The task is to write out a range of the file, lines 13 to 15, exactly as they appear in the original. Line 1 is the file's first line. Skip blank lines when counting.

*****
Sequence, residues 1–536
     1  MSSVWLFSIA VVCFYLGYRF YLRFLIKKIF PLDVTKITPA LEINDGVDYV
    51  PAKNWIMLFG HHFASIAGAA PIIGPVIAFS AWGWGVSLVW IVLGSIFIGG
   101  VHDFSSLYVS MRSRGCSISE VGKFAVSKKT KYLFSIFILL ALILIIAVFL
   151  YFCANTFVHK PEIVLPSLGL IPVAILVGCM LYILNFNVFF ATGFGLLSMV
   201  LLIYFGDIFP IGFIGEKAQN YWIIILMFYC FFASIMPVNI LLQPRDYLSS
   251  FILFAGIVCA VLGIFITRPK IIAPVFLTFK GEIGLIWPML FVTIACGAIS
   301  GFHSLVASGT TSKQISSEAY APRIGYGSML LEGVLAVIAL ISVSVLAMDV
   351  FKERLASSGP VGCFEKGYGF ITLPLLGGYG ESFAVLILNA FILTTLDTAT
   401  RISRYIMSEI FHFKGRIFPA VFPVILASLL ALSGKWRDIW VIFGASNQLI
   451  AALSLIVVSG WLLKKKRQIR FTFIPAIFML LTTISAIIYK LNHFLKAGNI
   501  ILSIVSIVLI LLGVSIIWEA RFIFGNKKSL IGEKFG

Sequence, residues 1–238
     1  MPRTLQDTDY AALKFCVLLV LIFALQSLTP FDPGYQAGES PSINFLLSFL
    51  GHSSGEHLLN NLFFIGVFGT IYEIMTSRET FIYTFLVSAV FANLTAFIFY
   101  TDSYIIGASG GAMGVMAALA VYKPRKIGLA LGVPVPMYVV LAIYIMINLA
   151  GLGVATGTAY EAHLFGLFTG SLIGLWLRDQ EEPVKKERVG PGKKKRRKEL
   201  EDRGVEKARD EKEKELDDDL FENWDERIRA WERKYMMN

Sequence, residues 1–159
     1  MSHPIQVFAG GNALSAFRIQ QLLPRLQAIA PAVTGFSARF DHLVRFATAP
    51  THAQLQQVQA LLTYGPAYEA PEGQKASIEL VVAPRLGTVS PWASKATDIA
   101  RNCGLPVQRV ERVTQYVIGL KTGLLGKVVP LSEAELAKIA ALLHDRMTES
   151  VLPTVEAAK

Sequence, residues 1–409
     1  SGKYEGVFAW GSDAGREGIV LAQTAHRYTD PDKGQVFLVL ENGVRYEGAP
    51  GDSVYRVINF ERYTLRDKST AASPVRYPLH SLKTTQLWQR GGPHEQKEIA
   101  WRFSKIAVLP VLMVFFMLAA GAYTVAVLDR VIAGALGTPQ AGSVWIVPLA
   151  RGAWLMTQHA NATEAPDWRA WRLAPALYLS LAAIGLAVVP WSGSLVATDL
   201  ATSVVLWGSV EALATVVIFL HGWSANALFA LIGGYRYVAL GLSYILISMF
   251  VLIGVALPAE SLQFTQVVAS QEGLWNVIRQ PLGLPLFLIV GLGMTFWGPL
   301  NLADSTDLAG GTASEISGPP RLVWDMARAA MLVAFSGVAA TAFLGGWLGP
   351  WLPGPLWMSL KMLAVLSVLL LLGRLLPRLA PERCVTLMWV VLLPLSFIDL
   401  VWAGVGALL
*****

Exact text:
Sequence, residues 1–238
     1  MPRTLQDTDY AALKFCVLLV LIFALQSLTP FDPGYQAGES PSINFLLSFL
    51  GHSSGEHLLN NLFFIGVFGT IYEIMTSRET FIYTFLVSAV FANLTAFIFY